A sultry and sensational performance from Jeanne Balibar fuels Mathieu Amalric’s experimental music biopic.
When the French actor Mathieu Amalric occasionally turns his attentions to working behind the camera, he accepts nothing less than a total, top-down reinvention. He clearly has no interest in making the same movie twice, and that goes for expanding on motifs or ideas from earlier works, or even sustaining a performance or shooting style from one film to the next.
His previous feature, 2015’s The Blue Room, is an ultra-economical, bracingly curt murder mystery based on a George Simenon novel. This new one, Barbara, is not just in a different country or a different solar system, it’s in a different galaxy.
It does the film no favours to describe it as a showbiz biopic of the mono-monikered French chanteuse, Barbara, as it’s so much more than that. Indeed, this a rare case of a biographical film that appears to pointedly avoid any information already available on the star’s Wikipedia page. Long before the film hits its wild stride, we’re introduced to the actress Jeanne Balibar playing an actress named Brigitte who has signed on to star in a film about Barbara directed by Mathieu Amalric playing a director called Yves (keep up!). The suggestion that this is a film on the pitfalls of capturing a real person’s life on celluloid is rendered moot, as the story then takes surreal swerves every few minutes and refuses to bow to convention.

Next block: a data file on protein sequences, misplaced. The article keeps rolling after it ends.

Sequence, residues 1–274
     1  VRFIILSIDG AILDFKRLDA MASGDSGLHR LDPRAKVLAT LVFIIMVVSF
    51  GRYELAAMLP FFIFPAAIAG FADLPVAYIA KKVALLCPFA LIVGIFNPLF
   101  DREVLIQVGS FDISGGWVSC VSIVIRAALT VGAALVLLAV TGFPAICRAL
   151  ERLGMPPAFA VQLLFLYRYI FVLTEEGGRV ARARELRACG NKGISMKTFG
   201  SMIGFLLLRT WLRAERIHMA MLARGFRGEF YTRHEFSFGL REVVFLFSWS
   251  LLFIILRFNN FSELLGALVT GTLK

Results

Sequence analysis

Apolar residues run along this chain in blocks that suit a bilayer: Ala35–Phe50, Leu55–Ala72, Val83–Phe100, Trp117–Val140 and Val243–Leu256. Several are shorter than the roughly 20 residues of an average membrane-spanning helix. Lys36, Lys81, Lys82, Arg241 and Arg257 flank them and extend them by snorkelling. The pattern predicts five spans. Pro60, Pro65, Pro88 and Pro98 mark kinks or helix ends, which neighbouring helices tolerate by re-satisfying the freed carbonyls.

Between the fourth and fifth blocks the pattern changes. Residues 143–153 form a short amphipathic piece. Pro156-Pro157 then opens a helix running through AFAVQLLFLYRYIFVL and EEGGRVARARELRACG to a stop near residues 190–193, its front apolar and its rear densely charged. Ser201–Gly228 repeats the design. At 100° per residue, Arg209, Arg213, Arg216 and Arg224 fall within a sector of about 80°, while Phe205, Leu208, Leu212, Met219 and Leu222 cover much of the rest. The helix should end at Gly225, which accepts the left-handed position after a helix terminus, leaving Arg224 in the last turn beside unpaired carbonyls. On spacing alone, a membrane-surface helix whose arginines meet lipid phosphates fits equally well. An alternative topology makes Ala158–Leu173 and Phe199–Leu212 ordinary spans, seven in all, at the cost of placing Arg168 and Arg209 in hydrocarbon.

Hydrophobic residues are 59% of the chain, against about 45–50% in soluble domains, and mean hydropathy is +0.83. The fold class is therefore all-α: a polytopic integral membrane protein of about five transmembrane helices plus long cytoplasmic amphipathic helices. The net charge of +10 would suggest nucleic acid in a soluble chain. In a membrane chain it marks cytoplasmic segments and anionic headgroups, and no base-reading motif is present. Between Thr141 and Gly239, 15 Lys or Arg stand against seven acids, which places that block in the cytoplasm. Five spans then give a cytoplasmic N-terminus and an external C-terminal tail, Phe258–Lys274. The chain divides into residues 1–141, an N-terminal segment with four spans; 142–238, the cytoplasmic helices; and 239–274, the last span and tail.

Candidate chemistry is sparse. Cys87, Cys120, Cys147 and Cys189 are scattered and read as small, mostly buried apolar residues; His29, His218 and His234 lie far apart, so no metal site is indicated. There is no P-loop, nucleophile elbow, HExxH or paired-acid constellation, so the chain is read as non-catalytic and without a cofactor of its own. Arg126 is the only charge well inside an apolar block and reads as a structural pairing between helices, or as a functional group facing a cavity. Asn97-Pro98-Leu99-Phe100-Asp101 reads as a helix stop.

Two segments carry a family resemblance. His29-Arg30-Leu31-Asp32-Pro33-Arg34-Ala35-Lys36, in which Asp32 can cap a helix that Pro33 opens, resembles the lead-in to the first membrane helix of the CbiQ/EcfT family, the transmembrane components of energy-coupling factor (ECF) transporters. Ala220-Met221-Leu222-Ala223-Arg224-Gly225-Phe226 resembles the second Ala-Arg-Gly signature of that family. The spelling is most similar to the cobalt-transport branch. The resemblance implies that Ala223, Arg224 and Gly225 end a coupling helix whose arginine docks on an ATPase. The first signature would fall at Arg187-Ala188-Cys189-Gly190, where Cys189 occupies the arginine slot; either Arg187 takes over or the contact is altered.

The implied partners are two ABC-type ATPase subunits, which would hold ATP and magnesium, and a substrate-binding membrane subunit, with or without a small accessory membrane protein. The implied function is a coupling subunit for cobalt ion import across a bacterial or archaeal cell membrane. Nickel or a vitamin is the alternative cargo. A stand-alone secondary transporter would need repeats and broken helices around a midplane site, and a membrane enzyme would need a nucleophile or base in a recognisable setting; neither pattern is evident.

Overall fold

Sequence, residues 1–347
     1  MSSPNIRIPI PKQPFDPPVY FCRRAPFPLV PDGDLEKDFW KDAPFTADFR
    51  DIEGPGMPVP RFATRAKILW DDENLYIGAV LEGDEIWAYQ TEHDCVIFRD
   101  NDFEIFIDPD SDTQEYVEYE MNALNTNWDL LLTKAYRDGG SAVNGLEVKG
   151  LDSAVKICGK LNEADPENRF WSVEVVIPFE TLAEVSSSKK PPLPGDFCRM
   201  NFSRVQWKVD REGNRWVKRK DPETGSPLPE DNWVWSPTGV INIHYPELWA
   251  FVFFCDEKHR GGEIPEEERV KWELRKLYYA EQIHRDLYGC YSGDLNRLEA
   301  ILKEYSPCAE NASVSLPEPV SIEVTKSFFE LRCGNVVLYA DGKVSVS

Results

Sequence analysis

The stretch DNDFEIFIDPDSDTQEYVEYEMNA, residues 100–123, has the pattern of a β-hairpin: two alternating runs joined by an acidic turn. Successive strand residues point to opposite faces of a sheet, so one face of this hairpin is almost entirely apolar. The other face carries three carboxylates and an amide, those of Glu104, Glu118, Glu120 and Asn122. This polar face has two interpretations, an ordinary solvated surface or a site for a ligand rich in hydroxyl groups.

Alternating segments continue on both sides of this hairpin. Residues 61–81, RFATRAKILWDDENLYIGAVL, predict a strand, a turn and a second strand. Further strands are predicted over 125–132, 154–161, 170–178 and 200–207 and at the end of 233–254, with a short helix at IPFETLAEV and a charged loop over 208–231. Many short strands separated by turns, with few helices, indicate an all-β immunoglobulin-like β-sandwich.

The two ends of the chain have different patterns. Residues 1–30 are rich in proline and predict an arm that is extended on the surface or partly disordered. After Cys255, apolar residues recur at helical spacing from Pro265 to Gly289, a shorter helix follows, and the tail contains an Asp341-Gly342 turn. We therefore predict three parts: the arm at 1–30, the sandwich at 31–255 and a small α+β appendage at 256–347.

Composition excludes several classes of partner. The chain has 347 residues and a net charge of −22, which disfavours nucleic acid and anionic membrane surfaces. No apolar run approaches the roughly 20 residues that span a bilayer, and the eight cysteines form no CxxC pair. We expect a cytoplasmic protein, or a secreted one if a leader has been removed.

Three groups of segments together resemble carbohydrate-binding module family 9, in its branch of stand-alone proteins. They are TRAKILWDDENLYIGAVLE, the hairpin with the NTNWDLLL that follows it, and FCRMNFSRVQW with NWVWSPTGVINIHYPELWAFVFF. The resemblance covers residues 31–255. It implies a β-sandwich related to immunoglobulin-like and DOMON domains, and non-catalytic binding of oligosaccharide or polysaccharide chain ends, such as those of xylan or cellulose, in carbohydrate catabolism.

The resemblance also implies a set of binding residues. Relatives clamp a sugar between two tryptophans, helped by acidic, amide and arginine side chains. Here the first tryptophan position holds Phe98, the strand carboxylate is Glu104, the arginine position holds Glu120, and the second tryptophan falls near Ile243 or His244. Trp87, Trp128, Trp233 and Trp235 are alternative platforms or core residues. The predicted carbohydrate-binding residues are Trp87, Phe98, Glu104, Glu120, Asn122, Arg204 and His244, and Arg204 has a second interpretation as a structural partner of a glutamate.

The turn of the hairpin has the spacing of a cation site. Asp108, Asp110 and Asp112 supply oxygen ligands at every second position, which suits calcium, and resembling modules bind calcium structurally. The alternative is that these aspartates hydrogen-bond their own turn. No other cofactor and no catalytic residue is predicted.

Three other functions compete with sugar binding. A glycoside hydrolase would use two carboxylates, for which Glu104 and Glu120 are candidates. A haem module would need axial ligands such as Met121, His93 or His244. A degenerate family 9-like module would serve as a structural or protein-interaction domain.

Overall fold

And with its buffet mix of live performances, movie-within-movie snippets and scenes of Brigitte taking great pains to mimic all the tics and inflections of her subject, the film offers emotional hit after emotional hit. There is no forward momentum, and little that connects one sequence to the next.
And yet it works like gangbusters, largely down to Balibar’s astonishing central turn. She switches between Barbara’s off-stage diva antics and the shivering intensity of her concert performances, while always making it feel like this this is different shades of the same person. The dynamics and range on show are astounding, and her problems, her feelings, her sexuality and her politics shine though the words and the expressions rather than being stated outright.
As Barbara is something of an unknown quantity outside of continental Europe, you do wonder whether the film will travel. But the spectacle of this shapeless wonder needs to be seen to be believed. Amalric is building himself an extremely impressive directorial oeuvre, and this might just be his crowning achievement. And Balibar is something else in the lead, an example of an actor not just inhabiting the skin of another person, but exhuming her from history and engaging in a precise piano duet.
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The French actor and sometime director discusses his deliciously nasty take on a Georges Simenon classic.